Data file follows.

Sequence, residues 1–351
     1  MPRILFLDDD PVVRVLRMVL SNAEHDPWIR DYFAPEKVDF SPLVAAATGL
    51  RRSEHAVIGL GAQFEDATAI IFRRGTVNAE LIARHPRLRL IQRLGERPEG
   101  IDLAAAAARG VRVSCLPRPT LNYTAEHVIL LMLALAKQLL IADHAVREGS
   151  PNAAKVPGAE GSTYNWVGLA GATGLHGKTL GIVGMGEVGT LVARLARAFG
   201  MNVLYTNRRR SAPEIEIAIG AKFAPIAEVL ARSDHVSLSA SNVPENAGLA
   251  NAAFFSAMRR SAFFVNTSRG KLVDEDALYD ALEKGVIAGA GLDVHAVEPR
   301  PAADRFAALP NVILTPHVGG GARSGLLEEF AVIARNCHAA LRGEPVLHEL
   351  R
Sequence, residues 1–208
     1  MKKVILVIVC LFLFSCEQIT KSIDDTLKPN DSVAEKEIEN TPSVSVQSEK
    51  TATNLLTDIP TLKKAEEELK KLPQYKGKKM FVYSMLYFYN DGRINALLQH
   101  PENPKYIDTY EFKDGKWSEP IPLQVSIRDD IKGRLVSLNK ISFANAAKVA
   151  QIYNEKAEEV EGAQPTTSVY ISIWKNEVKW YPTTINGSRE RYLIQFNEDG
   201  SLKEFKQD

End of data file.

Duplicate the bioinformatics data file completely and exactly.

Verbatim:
Sequence, residues 1–351
     1  MPRILFLDDD PVVRVLRMVL SNAEHDPWIR DYFAPEKVDF SPLVAAATGL
    51  RRSEHAVIGL GAQFEDATAI IFRRGTVNAE LIARHPRLRL IQRLGERPEG
   101  IDLAAAAARG VRVSCLPRPT LNYTAEHVIL LMLALAKQLL IADHAVREGS
   151  PNAAKVPGAE GSTYNWVGLA GATGLHGKTL GIVGMGEVGT LVARLARAFG
   201  MNVLYTNRRR SAPEIEIAIG AKFAPIAEVL ARSDHVSLSA SNVPENAGLA
   251  NAAFFSAMRR SAFFVNTSRG KLVDEDALYD ALEKGVIAGA GLDVHAVEPR
   301  PAADRFAALP NVILTPHVGG GARSGLLEEF AVIARNCHAA LRGEPVLHEL
   351  R
Sequence, residues 1–208
     1  MKKVILVIVC LFLFSCEQIT KSIDDTLKPN DSVAEKEIEN TPSVSVQSEK
    51  TATNLLTDIP TLKKAEEELK KLPQYKGKKM FVYSMLYFYN DGRINALLQH
   101  PENPKYIDTY EFKDGKWSEP IPLQVSIRDD IKGRLVSLNK ISFANAAKVA
   151  QIYNEKAEEV EGAQPTTSVY ISIWKNEVKW YPTTINGSRE RYLIQFNEDG
   201  SLKEFKQD